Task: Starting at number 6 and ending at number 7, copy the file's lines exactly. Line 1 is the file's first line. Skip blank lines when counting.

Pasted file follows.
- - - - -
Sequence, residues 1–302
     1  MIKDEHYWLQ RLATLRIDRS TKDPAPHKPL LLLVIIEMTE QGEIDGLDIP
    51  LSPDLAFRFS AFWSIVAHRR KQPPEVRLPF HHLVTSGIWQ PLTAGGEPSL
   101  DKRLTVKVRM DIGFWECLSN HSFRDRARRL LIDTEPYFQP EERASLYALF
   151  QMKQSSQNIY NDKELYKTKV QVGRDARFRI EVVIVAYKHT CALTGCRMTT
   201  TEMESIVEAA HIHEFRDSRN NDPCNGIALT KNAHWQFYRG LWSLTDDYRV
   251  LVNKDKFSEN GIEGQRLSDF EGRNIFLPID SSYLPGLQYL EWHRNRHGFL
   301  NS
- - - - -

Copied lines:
   201  TEMESIVEAA HIHEFRDSRN NDPCNGIALT KNAHWQFYRG LWSLTDDYRV
   251  LVNKDKFSEN GIEGQRLSDF EGRNIFLPID SSYLPGLQYL EWHRNRHGFL